The court decision also reflects a growing reality in Kyrgyzstan in which many children are brought up by single mothers.
“A huge number of children in Kyrgyzstan grow up without fathers,” Kapalova wrote on her Facebook profile. “We know thousands of migrant stories when fathers leave, start new families and forget about their children. Women carry a huge burden. And every woman has the right to give her name on an equal basis with men.”
According to the National Statistical Committee, about 11,000 marriages break up every year. In 2022, 12,187 cases of divorces were filed and children most often live with their mothers after families separate. In most cases, mothers are left with the burden of care, including financially.
Every year, Kyrgyz courts issue about 40,000 decisions on the payment of alimony, but often fathers either do not pay at all, or significantly underreport their income so as to pay less.
Although many supported Kapalova in her fight – in particular women who felt that the case showed how one person could triumph over the system – she also faced a large backlash, which included threats and online abuse.
Kyrgyzstan’s traditional society has been keeping women’s rights at bay for years. Under Japarov’s presidency conservative forces have become louder, with loud public criticism over women’s public activities or clothing.
On June 12, parliament voted to restrict women under the age of 22 from travelling abroad without written permission from her parents – 59 lawmakers voted in favour of the measure, only two opposed it.
Kapalova’s legal victory led to further criticism. Kamchybek Tashiev, the head of the State Committee for National Security, announced that “there is no such thing as a matronymic. Whoever approved it, they must cancel it too”.
For Zamir Rakaiev, Kyrgyzstan’s mufti, “such actions can destroy the root of the nation…From Adam to the present day, all generations of people in all countries gave the name of the father to both sons and daughters”.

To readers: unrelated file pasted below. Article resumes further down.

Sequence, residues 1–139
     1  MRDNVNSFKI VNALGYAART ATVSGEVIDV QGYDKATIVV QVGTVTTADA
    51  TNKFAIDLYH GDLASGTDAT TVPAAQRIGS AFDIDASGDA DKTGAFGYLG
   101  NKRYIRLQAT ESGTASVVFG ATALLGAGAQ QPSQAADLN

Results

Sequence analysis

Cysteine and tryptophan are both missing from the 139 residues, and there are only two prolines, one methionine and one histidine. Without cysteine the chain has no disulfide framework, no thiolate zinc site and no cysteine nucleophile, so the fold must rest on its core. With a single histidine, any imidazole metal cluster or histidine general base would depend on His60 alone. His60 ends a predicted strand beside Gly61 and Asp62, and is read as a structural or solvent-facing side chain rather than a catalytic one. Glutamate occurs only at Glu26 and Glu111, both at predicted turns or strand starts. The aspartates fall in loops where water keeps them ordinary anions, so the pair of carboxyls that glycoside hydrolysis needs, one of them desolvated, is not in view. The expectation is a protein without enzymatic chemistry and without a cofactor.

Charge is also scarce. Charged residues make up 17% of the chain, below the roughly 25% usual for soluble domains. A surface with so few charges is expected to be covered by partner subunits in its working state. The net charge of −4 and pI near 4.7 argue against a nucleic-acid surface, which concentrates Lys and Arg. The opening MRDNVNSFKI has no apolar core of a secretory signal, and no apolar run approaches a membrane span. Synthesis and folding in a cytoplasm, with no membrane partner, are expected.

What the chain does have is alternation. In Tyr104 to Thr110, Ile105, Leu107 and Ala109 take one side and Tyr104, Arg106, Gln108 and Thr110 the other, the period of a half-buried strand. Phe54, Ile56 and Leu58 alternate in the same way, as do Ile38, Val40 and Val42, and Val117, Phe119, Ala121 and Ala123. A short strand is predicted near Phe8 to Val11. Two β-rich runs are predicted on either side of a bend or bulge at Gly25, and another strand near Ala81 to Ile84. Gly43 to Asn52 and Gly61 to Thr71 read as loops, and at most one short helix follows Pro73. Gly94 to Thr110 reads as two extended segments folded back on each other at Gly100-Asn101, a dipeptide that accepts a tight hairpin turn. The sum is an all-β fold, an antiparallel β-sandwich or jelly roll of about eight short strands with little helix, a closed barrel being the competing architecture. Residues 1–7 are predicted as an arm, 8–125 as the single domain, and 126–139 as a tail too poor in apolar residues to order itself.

The amendments proposed by the presidential administration states that Constitutional Court decisions could be revised should they contradict moral and ethical values.
“This is nonsense as there are no definite legal standards of the said concepts,” Kyrgyz lawyer Timur Arykov told IWPR. “Moreover, we cast doubt on compliance with ‘morals and ethics’ in the Court’s decision-making. We cast aspersions on the independence and fairness of one of the constitutional branches of power in the Kyrgyz Republic, the judiciary, represented by the Constitutional Court.”
Tattuububu Ergeshbaeva, another lawyer, agreed.
“The proposal may be considered exceeding the president’s powers and violating constitutional rights,” she said. “The judicial system is an independent branch of power and has powers to determine the policy of its activity independently.”
Rights groups have also called for the proposal to be withdrawn. The Bishkek-based NGO Media Policy Institute issued a statement arguing that constitutional control was key to a system of checks and balances and protected all citizens’ rights from misuse and possible errors by the state’s legislative and executive branches.
“The arbitrary intervention proposed,” the statement read, “… leads to creation of a personalist autocracy, where human rights will depend on the whim of particular people, not on the provisions of the Constitution and laws.”